10. We adopted a 7 year old tabby only 3 weeks ago. She is quickly becoming adjusted to her new home and has begun to sleep with us. She is still a little skiddish when we move suddenly but we hope that goes away soon.

  11. I completely agree with adopting senior kitties. I have adopted several over the last 15+ years. They are wonderful companions, and seem appreciative of the love and care they receive. Pushkin is approx. 12-13 yrs old; I adopted her when she was about 8 yr old. She had been returned to the shelter, at least, 1-2 times that I know about. There have been difficult times, but I would not change her, or the road we have traveled together. She is a good friend, and likes to watch TV on my bed. I do not know her whole story, but as long as she lives, she will have a loving home with people who care about her. In the end, that is all that really matters.

  12. We adopted a senior cat from a shelter in March. She is around 9 yrs old & her history said she’s been in & out of shelters. She was timid & very vocal (like she was yelling) the first month. She is still vocal but it’s like she’s conversing with us. She greets everyone when they walk in the door, loves to cuddle & lays next to someone if they’re sick. The first month or so was an adjustment, mostly for her, but we’ve all settled in well. She’s a real sweetheart & her demeanor is that she seems grateful to have a home. I will definitely adopt senior cats again.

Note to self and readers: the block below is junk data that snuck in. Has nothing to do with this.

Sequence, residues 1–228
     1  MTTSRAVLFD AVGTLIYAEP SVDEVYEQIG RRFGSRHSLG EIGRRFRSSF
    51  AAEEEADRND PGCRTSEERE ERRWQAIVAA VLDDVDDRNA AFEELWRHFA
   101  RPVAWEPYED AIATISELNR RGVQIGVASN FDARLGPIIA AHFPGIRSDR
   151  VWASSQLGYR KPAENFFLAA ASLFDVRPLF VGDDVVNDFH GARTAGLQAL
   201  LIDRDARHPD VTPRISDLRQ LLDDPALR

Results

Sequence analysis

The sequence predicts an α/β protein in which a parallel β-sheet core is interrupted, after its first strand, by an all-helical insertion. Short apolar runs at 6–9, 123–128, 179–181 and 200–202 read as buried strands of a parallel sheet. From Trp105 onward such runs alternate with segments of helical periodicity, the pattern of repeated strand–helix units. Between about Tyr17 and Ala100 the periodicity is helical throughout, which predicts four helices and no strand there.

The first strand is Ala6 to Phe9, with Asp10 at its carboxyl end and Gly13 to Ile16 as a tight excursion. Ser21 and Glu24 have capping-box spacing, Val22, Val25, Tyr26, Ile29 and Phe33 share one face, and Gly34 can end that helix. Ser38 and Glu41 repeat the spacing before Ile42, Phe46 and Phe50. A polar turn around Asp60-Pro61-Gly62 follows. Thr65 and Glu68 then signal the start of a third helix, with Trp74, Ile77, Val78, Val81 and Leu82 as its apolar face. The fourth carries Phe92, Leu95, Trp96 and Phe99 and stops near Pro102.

13. I used the think adopting kittens was the way to go, but have been won over by senior cats since finding and rescuing a senior stray. She is so mellow, agreeable and affectionate, and we are more than happy to spoil her for however long she has left. Our vet thinks she may be as old as 12, but she is still playful and full of purrs.

  14. I will ONLY adopt the seniors! So much heart and soul and so much love to share. My latest was 18 when I brought her home; who throws away an 18 year old cat? She is wonderful, gets along with the others and us loving and playful. Give the seniors a chance. You won’t be sorry ????????❤️

  15. I inherited 2 senior cats when my aunt died several years ago. We had always referred to them as ghost cats, we knew my aunt had them but they were never seen by anyone other than her and certainly not petted by anyone else. I fed them at her house every day for 6 months before one of them would let me pet her. Now, 3 years later, she is the first of any of my cats to purr and she does it as soon as I start talking to her. Both of my seniors are about 16, they are in good health, with good appetites and they have accepted me as their person. I adore them both, they are funny and quirky and Sophie, even though she’s the smallest of all my cats, doesn’t hesitate to put any of the younger ones in their place if she thinks they need it.

  16. We adopted a senior cat in February. She belonged to the father of a friend and when he died she needed a new home. She has been timid her whole life, hiding in out of the way spots every chance she got. In the eight months she has been with us it has been interesting and rewarding to watch her come out of her shell. She will now lie in the middle of the living room floor as we watch TV and will jump on the bed shortly before bedtime to secure her place to sleep. She will come close for rubs and tickles but still very rarely actually sit on a human lap. Early days yet! She’s estimated to be between 8 and 11 years old so we have a lot of years left.